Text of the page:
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Proactive approach needed for climate resilient and sustainable pest management programmes says FST researchers

‘Climate Change and Pathways Used by Pests as Challenges to Plant Health in Agriculture and Forestry’, a recent global research publication with FST input has reinforced the need to give attention to the linkages between climate change and projected increases in pest risk in agriculture, horticulture, and forestry. According to the study, climate change has contributed to some pests having already expanded their host range or distribution; and understanding the ways in which they have been able to do so is valuable for informed adaptation and mitigation responses. Dr Tannecia Stephenson (Deputy Dean, FST UWI Mona) who is a co-author on the study states, “the increased market globalisation and related transport of recent years, coupled with increased temperatures, has led to favourable conditions for pest movement, invasion, and establishment worldwide. Most published studies indicate that, in general, pest risk will increase in agricultural ecosystems under climate-change scenarios, especially in today’s cooler arctic, boreal, temperate, and subtropical regions. This is also mostly true for forestry,” Dr. Dwight Robinson, (HoD, Dept. of Life Sciences, FST UWI Mona) a regional expert on pest management, also added, “there is likely to be several gaps in the knowledge and we will need to begin filling the critical components in that gap in a manner that will allow us to conduct area-specific pest risk modelling and analyses for Jamaica. This is critical for us to embark on a proactive approach to the development of climate resilient and sustainable pest management programmes, specifically designed for different agricultural ecosystems in Jamaica. As for the approach, it needs to be multi-sectoral and involve all stakeholders in the agricultural sector, particularly the farmers, researchers, funding agencies and the relevant government agencies.”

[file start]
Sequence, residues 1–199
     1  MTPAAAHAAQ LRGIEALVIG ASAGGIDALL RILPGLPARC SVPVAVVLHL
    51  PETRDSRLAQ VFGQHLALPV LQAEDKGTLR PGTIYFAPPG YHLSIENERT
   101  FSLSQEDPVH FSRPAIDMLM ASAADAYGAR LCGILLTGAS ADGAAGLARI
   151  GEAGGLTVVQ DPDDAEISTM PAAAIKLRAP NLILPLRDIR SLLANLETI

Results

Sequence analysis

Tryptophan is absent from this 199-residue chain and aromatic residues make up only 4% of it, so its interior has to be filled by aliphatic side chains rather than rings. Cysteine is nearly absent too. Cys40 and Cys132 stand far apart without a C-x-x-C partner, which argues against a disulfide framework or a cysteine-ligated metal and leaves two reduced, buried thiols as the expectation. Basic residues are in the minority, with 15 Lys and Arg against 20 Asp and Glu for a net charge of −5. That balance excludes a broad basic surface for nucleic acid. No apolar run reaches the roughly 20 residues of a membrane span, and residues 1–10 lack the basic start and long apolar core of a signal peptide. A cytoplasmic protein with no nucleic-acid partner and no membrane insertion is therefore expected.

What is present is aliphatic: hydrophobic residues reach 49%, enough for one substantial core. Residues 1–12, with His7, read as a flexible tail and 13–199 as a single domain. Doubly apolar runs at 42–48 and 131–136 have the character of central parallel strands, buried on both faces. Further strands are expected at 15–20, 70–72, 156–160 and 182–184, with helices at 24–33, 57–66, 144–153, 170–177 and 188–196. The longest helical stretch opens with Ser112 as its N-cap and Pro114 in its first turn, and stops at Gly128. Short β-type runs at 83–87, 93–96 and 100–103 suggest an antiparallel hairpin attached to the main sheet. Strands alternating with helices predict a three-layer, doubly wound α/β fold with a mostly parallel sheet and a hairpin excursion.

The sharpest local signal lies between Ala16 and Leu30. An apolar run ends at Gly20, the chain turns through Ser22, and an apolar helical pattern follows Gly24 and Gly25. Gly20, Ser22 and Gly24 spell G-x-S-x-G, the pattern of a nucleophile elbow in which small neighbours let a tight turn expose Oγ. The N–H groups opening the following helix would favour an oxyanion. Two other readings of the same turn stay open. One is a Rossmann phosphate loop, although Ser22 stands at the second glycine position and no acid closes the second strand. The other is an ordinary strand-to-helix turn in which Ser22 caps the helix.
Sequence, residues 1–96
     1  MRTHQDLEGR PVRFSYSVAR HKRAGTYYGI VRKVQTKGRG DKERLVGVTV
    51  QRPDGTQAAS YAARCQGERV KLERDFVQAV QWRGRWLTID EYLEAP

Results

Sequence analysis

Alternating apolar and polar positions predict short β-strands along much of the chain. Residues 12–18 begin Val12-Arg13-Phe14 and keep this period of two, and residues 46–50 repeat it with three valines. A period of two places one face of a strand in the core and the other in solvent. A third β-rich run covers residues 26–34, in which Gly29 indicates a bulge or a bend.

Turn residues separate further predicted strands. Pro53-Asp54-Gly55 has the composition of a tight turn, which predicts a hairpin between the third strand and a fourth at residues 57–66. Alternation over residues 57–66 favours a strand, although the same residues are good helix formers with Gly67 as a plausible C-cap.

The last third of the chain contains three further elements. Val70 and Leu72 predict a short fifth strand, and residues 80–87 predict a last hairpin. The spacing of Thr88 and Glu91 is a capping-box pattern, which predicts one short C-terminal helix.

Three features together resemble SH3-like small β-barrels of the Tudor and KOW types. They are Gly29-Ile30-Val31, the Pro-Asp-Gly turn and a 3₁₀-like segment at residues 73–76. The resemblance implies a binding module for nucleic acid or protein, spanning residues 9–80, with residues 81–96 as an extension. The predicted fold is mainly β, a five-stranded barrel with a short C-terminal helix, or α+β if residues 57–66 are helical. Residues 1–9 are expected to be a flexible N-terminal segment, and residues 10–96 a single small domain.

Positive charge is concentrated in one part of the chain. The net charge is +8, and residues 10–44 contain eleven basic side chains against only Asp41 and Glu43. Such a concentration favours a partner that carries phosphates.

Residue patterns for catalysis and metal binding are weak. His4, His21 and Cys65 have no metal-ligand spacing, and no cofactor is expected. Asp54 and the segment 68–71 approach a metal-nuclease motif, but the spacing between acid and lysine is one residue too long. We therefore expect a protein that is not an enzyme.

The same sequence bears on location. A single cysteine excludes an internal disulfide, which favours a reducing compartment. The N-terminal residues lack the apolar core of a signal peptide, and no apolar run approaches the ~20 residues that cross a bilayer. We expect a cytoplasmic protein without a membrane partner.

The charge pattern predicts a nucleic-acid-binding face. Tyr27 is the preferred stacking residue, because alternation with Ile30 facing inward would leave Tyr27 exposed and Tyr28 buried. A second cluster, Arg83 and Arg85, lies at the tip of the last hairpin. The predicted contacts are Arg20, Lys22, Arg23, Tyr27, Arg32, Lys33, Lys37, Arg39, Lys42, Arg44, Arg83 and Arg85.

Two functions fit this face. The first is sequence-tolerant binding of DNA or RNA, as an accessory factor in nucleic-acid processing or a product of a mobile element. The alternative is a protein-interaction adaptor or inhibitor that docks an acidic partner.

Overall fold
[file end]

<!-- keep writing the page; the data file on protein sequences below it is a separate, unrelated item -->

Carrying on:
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Published on 12 Oct, 2022

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